During our following conversations we learned that Open Colleges and the Australian Marketing Institute had a lot in common, and many shared values. One of AMI’s core objectives is to continue to raise the bar for marketing within Australia and we saw a partnership with Open Colleges as one way which we could contribute to this aim. 

Who is the “ideal candidate” to enter into marketing: Writers, designers, digital specialists, strategists or data analysts? 

Marketing is becoming increasingly specialised. As the nature of marketing changes and takes on different forms, the diversity of marketing professionals will grow.

At its simplest level, anyone can have a passion for the customer, and an understanding of the customer, communicating with the customer and improving the experience of the customer. Also, there is the focus on nurturing customers, retaining customers – and all of the activities that relate to that - there are almost endless ways that creative people can have a successful career in marketing. 

Is it important to specialise in a niche, or do you need to be a generalist? 

career in digital marketing

I believe that it depends on what you want to achieve within your career and whether you want to be a generalist or a specialist – both paths could be relevant to you. You could work in an agency where you generalise and take on many roles for various clients, or you could use your niche skills to totally transform an individual organisation. This means you could have trajectories within your career that allow you to be a marketing technician, or a strategist, depending on what your strengths are. 

What personality traits (or interpersonal skills) do you need to work in marketing?

The ability to listen. The ability to influence. Change skills. An open mind. Curiosity. Those are some of the key attributes that marketers’ need to have. And also an intrinsic motivation for lifelong learning because if you don’t have an intrinsic motivation to lifelong learning you will become redundant. 

How often should a marketer look at updating her or his skillset?

Continuously, and through a variety of ways, including throughout their career and even before - from higher education to vocational education, a marketer needs to have a passion for learning. Personally, I try to learn something new every day. Yesterday I was working on a project for a sharable app widget. We always have a lot to learn. Going back to motivation – learning should be a continuous practice. 

Learning can be on all sorts of levels. Learning can take many forms, whether you enter vocational education and training, or are keeping up to date with new trends, or attending forums and programs. It’s continuous. 

What are some stand-out campaigns that you’ve worked on?

digital marketing meeting

I was involved in the Australian launch of Domestos. I had the pleasure of leading the Sydney 2000 Olympic sponsorship for AMP (an Australian wealth management company) where I lead a team of 40 marketers in a large multi-million-dollar marketing communications budget over a period of four years. 

I’ve also had the opportunity to use my marketing skills within financial planning recruitment. I helped design and implement the AMP Horizons Financial Planning Academy which set a new benchmark in recruiting financial planners in wealth management.

Finally, I am proud to have been influencing marketing education within this country for a total period of around 20 years through my membership with the AMI. I believe in advocating for the profession of marketing and I am very proud of AMI’s work.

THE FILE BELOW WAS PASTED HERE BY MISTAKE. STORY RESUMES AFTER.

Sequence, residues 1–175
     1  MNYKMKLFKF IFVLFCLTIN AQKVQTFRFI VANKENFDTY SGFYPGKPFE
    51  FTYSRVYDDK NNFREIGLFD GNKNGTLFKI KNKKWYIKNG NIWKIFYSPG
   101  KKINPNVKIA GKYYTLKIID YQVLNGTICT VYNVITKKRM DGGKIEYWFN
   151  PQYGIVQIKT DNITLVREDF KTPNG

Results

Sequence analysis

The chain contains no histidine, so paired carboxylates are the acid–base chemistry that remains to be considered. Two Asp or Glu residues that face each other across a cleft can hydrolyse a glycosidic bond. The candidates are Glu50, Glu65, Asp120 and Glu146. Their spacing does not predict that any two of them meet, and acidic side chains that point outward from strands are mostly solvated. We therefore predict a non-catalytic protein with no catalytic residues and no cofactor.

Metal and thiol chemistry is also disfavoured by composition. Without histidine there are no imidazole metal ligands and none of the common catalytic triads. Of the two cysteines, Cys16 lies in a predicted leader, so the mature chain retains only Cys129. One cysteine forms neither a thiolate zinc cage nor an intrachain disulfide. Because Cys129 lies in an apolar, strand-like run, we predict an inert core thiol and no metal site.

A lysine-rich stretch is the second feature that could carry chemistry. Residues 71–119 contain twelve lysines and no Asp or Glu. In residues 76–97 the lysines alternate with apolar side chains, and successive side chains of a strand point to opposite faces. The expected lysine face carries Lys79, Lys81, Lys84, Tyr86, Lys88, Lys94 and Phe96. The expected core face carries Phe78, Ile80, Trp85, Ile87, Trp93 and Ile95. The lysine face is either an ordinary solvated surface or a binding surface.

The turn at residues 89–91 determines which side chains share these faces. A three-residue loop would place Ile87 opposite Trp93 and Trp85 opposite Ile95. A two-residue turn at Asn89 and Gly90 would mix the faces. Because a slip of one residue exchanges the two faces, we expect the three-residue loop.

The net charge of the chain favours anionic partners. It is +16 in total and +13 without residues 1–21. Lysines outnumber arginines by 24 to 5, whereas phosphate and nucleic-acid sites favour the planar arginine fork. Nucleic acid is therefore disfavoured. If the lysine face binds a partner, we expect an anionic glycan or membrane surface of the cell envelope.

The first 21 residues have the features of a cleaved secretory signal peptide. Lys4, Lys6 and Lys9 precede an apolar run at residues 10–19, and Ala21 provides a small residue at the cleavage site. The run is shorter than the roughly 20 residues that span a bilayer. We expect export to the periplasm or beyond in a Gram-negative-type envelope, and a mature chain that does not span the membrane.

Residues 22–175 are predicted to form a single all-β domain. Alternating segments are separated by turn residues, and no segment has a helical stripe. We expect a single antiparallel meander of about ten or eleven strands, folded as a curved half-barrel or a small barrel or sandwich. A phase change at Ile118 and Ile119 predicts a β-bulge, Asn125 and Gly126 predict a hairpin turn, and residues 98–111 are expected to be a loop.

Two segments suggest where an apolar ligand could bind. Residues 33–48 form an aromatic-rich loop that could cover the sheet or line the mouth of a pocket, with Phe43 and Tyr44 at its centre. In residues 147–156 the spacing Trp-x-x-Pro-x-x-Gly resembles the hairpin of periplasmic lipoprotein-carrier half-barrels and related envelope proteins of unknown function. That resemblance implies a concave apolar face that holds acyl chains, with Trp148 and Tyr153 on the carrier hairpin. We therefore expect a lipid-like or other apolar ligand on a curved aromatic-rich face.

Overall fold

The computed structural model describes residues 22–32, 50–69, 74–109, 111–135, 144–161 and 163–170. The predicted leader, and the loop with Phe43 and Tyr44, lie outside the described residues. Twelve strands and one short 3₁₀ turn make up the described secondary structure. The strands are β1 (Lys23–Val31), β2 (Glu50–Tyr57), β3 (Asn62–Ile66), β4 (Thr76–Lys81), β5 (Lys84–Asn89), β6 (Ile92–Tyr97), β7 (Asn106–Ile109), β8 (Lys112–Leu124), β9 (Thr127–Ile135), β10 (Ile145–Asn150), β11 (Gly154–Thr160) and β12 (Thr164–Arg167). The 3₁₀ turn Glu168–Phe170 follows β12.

Name a couple of brands that you’ve noted that you believe have a strong digital marketing plan. 

In the digital space, one that really sticks out for me is John West (Created by Cummins and Partners). They’ve done a stunning job in regards to their digital marketing, it’s a “360-degree campaign” which includes TV, digital and BTL (below-the-line) marketing activity as well as PR.

From a celebrity space, I don’t think you can go past the world of the Kardashians. Kim Kardashian just received an award at the Webby Awards – it was the inaugural “Break The Internet” award.

I’ve listened to Kim speaking about her digital strategy and how she grew her Twitter audience. From a celebrity perspective and building a brand that really compliments this group of women who have done such a fine job of leveraging all the various aspects of social and really knowing how to create new business out of these social channels and seeing the different elements of the Kardashians, seeing the focus shift from Kim to the youngest sister, Kylie etc. It’s inter-generational. I have been very impressed with the way they do that. It’s a very interesting model.  

Lee Tonitto, CEO of the Australian Marketing Institute

Lee’s career spans over 30 years and encompasses leading large-scale campaigns and strategic marketing teams, brand management, distribution, customer value, digital, and channel management. Lee has worked with major brands in Asia Pacific including Unilever, Revlon, AMP and Commonwealth Bank’s Count Financial. In 2012, Lee founded a boutique consulting firm and added to her experience in wealth management and not-for-profit sectors. Lee has a long association with the AMI from a NSW Councillor in 2003, then NSW State President, and an appointment to the Board in 2007.  Lee served as Chair from 2010 to 2013 and is AMI’s current CEO since Sept 2014. 

 

Want to kick-start your career in Digital Marketing? 

Open Colleges now offers several courses that you may be interested in: 

 

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Yvette McKenzie

Yvette

Is the content strategist at Open Colleges. She has over a decade of professional experience at some of Australia’s largest media corporations, including Southern Cross Austereo and the Macquarie Media Network. With a degree in Communications (majoring in Journalism), she covers stories on education, new knowledge technologies and independent learning.